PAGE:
Blog Entry

No Habitat - No Fish / No Protection - No Habitat

An internal government memo leaked to fisheries biologist Otto Langer suggests that the Federal government plans on removing a crucial provision of the Fisheries Act – one of Canada’s most important environmental laws.

Section 35(1) of the current Act says that “No person shall carry on any work or undertaking that results in the harmful alteration, disruption or destruction of fish habitat”. This section has led the Department of Fisheries and Oceans (DFO) to develop a core policy called “No Net Loss” that directs them to maintain or increase the total amount of productive fish habitat in the country. Though not always successful it’s the right orientation for the conservation of fish and of the aquatic ecosystems where fish live.

In his press release, Langer points out that DFO used to emblazon pencils with the truism “No Habiat – No Fish” and as Ecojustice’s Lara Tessaro commented “it's Biology 101 that fish need habitat to survive.”

Instead of protection for habitat – the leaked version of the amended section 35  reads “No person shall carry on any work, undertaking or activity, other than fishing, that results in an adverse effect on a fish of economic, cultural or ecological value.”

There’s little doubt that the push for changes to the Fisheries Act is coming from industry lobbyists – who have long targeted the protective provisions of the Act, complaining that  they are in the way of the fast-track approach to development they want to see. But the industry lobby is also demanding “clarity” and “certainty” in regulatory processes.

This revision would only muddy the waters. Rather than an objective concern for “fish habitat” companies, conservationists and First Nations could find themselves embroiled in battles over what “a fish of economic, cultural or ecological value” actually is.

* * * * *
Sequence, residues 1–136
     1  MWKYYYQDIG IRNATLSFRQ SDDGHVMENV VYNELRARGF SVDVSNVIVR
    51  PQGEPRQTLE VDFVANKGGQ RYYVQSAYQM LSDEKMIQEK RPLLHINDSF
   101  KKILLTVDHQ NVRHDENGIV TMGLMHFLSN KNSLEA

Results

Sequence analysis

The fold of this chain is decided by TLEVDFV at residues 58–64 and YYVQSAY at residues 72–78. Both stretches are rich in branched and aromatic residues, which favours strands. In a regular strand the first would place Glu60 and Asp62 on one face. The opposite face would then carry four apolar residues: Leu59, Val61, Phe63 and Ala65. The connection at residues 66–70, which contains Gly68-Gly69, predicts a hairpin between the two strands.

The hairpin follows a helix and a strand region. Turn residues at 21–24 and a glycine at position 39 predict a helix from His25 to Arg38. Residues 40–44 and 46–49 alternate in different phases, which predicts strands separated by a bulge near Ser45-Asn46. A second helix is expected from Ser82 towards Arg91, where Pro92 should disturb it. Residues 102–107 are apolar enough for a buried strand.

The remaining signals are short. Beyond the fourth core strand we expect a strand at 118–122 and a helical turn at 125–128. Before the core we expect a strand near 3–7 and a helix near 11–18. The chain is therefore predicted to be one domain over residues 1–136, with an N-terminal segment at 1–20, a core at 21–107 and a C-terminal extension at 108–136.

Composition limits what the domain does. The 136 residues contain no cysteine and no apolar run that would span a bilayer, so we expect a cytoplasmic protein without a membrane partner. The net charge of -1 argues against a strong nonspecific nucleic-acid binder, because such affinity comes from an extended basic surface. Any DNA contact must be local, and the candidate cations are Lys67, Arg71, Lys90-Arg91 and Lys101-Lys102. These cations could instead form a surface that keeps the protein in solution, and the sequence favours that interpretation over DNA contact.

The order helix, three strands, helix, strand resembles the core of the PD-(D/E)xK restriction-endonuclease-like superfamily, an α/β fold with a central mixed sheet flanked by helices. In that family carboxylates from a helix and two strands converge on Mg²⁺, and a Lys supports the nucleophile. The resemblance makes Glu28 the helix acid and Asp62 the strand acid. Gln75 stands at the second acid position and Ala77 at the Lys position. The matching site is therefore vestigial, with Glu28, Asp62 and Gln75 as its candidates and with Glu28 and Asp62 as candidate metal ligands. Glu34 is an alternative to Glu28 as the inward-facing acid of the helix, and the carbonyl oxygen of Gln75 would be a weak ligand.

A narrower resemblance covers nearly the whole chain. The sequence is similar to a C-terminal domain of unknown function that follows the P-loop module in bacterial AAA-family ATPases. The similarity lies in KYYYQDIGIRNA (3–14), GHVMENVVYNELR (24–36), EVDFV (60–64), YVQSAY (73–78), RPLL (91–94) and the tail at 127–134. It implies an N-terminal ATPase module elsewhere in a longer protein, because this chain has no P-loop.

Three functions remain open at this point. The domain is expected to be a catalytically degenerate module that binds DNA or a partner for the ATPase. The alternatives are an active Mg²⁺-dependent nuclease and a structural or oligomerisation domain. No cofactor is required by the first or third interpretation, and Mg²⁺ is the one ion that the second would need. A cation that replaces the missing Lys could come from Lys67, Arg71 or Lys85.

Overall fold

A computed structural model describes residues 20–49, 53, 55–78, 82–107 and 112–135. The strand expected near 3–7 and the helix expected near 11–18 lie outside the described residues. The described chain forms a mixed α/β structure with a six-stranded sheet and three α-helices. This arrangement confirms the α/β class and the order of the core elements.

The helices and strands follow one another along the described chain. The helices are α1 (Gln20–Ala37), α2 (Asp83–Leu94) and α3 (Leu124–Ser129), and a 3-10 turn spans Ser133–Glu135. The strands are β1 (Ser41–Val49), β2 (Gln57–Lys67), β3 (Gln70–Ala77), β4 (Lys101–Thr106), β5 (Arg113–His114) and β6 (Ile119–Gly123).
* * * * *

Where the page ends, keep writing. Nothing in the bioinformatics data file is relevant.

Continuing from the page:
Even more worrisome is that if activities impact the habitat but not the fish directly they could escape scrutiny of the Act. Of course there’s little point in protecting the fish if they don’t have the full range of habitats (spawning, feeding, shelter, over-wintering etc) they need to survive.

The importance of habitat protection and the “No Net Loss” policy played out in the environmental review of one of Canada’s most controversial mining projects – Taseko Mines’ proposed Prosperity Gold-Copper Project. It’s a massive open pit mining project to exploit a low-grade gold and copper deposit in a sensitive and culturally important watershed within the territory of the Tsilhqot’in Nation (central BC). The initial proposal was to drain Fish Lake (Teztan Biny) and construct a tailings dump in the upper part of the same watershed, filling in a creek and another smaller lake with the wastes.

The whole watershed is highly productive trout habitat and while the proponent argued they’d “save” the fish by removing a portion of the population and transplanting them into a constructed reservoir, DFO, MiningWatch and retired biologist and specialist in trout populations Gordon Hartman all agreed that the reservoir would not compensate for the loss of habitat, even if the population of fish could be saved for a time. An independent review panel and ultimately the federal government agreed. The protection of the original habitat would be crucial to maintaining the fish and the use of those fish in the long run. In a very rare result the project was rejected due, in part, to the significant irreversible impacts it would have had on fish habitat. (Taseko has since resubmitted the project with a previously discredited alternative mine plan.)

Section 35 is also closely related to the Canadian Environmental Assessment Act (CEAA) and one of the most frequent triggers of the federal review process for mining and other resource projects. The subsections of the leaked amendment would provide ample opportunity for major projects to avoid a federal environmental assessment (EA) as the government could add classes of activities or prescribed conditions to avoid issuing a permit and triggering an EA.

This week we also learned where things might be heading for CEAA. Environment Minister Peter Kent publicly endorsed a problematic report on reforming the act that was released from the parliamentary Standing Committee on Environment and Sustainable Development on Monday. The report heavily favoured input from industry representatives, which represented the largest number of witnesses and had the highest number of attributions in the Committee’s report.

Kent has  also confirmed they’ll be looking into the Species at Risk Act in the future.


For more on the CEAA review